APPR Behavior During a CDA


During a basic approach, the plane will level off at around 2500 ft AFL to intercept the glide slope, but this level-off costs fuel and can be noisy. In a continuous descent approach, or CDA, the plane will not level off except to slow down before 10,000 ft. The glide slope can be intercepted from a 3 degree descent in line with it, or from a shallower descent below it.

The Problem

I have attempted to fly a CDA in Infinite Flight a few times, and have not been able to do so with APPR. As soon as you hit the APPR button, the VS is set to 0 and the autopilot yanks the nose up. Instead, you must let LNAV line you up (which might not be possible for all ILS procedures due to a lack of waypoints past the intercept…), and then use VS or fly manually to control pitch.

Why It’s Important

Many of the altitudes in the approaches and STAR’s set you up for a shallower descent to intercept the glide slope from below, and if you look at the charts, this is confirmed by a diagram. Unless you want to “eyeball it” with VS (like I used to) or calculate your own altitudes (as I do now), I would fly the already-implemented CDA.

Simple Solution

Instead of trying to be smart and leveling off automatically, APPR should continue flying at the current heading and VS until intercepting. This would make flying realistic approaches much simpler and allow us to take full advantage of the altitudes already in procedures, and make VNAV a more viable system.


Unfortunately, I am not at a high enough trust level to create a feature request, so I will move this topic sometime in the future, unless someone else puts in a request.


I think that could be useful, it certainly would help with my struggles with appr sometimes, I end up way above the glide slope by the time appr intercepts the localiser so this could help that aspect too

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Just as a rule of thumb for a regular approach, level off at 2500 ft AFL before intercepting the LOC and don’t hit APPR until you’re level. That way you’ll always be set up for an intercept.

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I completely understand your point here, that alot of attentions should be pointed to that feature

I also mentioned for a division of that same system in question here if you wish to have a look, if you want to point out the issue encoutered with and if you can vote on it to support the importance needed to that particular feature in the Sim.

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Freed up a vote for it! On another note, the speed limit of 180kts is a little low. Correct me if I’m wrong, but during a low drag or delayed flaps approach, a 737 will intercept the LOC at flaps 1 at a speed of about 190kts. And given that we’re on the topic of accommodations to alternative approaches… You know what I mean.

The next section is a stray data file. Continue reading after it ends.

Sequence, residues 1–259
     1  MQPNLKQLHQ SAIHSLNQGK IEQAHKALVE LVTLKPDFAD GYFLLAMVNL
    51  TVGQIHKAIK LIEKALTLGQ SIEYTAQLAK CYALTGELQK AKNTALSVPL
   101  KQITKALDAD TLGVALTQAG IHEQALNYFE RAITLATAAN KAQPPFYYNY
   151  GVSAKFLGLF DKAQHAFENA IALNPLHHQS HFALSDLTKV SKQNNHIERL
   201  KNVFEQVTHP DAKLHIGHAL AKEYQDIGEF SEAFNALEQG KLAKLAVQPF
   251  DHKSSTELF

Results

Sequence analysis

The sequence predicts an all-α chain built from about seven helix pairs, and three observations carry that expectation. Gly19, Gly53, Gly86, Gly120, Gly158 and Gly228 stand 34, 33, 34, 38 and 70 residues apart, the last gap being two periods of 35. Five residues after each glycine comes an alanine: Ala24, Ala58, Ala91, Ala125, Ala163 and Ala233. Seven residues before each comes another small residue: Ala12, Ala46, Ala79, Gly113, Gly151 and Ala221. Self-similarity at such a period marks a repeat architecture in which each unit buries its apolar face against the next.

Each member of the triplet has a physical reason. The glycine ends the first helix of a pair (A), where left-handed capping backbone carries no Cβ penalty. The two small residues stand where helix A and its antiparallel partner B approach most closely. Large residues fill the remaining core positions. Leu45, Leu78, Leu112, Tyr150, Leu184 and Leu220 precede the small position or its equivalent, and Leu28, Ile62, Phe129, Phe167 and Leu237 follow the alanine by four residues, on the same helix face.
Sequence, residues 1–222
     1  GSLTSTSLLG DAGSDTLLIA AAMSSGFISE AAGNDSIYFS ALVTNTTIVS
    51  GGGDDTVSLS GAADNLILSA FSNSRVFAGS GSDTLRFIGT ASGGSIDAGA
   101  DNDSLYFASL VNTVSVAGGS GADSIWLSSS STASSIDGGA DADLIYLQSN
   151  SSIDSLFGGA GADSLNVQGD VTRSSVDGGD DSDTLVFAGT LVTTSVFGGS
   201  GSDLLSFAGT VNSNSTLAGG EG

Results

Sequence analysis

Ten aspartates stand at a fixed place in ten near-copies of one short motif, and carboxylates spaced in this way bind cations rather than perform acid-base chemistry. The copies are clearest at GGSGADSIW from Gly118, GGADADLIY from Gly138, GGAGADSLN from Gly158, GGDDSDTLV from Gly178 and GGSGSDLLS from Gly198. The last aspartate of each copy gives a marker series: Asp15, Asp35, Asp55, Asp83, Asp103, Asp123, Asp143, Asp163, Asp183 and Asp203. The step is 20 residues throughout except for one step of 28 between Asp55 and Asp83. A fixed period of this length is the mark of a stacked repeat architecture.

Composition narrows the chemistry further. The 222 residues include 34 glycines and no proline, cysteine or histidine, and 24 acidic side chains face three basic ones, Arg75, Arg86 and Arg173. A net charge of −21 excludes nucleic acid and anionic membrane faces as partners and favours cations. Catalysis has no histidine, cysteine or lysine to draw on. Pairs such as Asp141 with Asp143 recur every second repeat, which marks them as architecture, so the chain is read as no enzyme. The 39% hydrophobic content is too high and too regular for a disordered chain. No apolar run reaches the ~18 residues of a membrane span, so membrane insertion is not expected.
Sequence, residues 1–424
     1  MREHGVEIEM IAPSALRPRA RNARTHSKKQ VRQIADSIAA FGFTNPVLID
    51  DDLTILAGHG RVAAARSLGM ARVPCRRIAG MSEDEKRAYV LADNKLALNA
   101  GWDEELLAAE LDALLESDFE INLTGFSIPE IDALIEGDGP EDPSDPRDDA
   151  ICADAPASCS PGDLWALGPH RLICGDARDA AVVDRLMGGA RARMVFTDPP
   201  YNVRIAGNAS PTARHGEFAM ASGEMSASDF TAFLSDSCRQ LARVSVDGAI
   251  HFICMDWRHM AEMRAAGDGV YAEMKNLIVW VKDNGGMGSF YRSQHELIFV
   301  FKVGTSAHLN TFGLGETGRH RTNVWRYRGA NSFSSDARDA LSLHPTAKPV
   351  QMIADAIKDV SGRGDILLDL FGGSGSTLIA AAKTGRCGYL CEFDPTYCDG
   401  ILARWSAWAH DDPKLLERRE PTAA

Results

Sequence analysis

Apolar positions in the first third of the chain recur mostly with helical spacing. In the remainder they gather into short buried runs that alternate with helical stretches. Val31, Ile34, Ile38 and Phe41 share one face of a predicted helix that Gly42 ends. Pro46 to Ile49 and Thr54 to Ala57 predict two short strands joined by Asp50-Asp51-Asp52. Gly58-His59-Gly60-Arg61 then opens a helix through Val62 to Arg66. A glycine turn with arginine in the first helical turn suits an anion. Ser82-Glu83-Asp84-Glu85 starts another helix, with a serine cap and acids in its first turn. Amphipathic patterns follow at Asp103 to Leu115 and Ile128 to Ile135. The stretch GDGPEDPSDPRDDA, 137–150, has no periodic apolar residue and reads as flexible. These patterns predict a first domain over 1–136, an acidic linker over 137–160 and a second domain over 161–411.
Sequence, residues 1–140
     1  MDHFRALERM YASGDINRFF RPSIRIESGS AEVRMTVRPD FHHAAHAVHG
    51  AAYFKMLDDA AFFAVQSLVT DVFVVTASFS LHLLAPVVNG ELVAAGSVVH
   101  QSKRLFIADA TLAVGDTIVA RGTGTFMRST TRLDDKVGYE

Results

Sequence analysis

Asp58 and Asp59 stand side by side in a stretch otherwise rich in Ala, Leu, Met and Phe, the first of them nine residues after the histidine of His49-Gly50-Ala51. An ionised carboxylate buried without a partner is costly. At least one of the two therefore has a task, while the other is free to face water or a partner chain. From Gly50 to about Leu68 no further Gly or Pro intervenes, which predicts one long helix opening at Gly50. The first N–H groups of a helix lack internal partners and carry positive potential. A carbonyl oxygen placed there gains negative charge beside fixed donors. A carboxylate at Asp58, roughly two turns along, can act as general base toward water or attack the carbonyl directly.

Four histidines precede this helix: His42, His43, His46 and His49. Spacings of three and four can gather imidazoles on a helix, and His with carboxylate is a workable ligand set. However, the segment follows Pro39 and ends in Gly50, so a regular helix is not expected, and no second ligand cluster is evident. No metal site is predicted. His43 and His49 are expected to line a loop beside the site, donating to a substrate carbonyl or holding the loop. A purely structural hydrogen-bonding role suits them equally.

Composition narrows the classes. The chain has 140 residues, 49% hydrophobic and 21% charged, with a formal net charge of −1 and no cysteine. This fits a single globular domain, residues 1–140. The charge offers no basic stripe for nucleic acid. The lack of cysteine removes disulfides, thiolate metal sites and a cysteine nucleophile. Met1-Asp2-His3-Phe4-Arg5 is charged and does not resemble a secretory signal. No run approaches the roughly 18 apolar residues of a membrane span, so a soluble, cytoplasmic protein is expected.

Or would you just use LOC and G/S until slowing down? Wasn’t quite sure how to interpret the proposed system…

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I kinda struggle with levelling off tho tbh because I just follow VNAV all the way down to the final altitude or until loc intercept and then just follow the glide slope. I’m just unsure how far out to be/how to judge my position to be at 2500ft. If that makes sense. Still learning tho

Oh I see. In my experience, VNAV isn’t much help at higher altitudes unless you calculate your own altitudes. Unless you’re doing a sharp turn or U turn to land, I’d be level the waypoint before or at the localizer intercept, or about 0-5 miles.

There are plenty of ways to ensure you’re at the right altitude at the right distance, you just gotta learn ‘em. I suggest watching Infinite Flight tutorials and searching around aviation forums.

I’d explain how I descend but it’s a complicated combination of many methods and has contingencies.

Maybe one day I’ll create a topic.

EDIT: or a YouTube video… hard to explain in writing and without live examples😂

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Oh, and just to be clear, the altitudes don’t always work out to an intercept. Infinite Flight procedures can be… questionable; so take a look before punching VNAV.

Someone correct me if I’m wrong, but I believe irl there are two AP modes to consider for intercepting the GS: altitude capture vs glideslope capture.

Altitude capture is where you’re level, so zero VS, as you wait for the GS to descend to you.

Glideslope capture is where you’re descending while you capture the GS.

Both are routine irl, but glideslope capture presents more challenges, for having the aircraft configured properly and descending at an appropriate angle so that the GS intercept will occur at an acceptable altitude and distance from the runway.

The IF tutorial, if I remember correctly, only discusses constant level GS capture (so, altitude capture mode).

And every sudden pitch up transition I have been able to reproduce comes from me being in a descent when I engage approach.

So for smooth GS transitions, don’t be descending on VNAV, but rather be flying with VS set to zero.

It’s safe to say that APPR in IF is “altitude capture mode” only?

And perhaps this is due to additional complications imposed by including a GS capture mode?

It’s very smooth, as long as you approach GS at constant alt.

Yeah that’s what I meant. I’ve seen the IF tutorial… I don’t think it would be too complicated, but I have no idea how the devs coded the autopilot.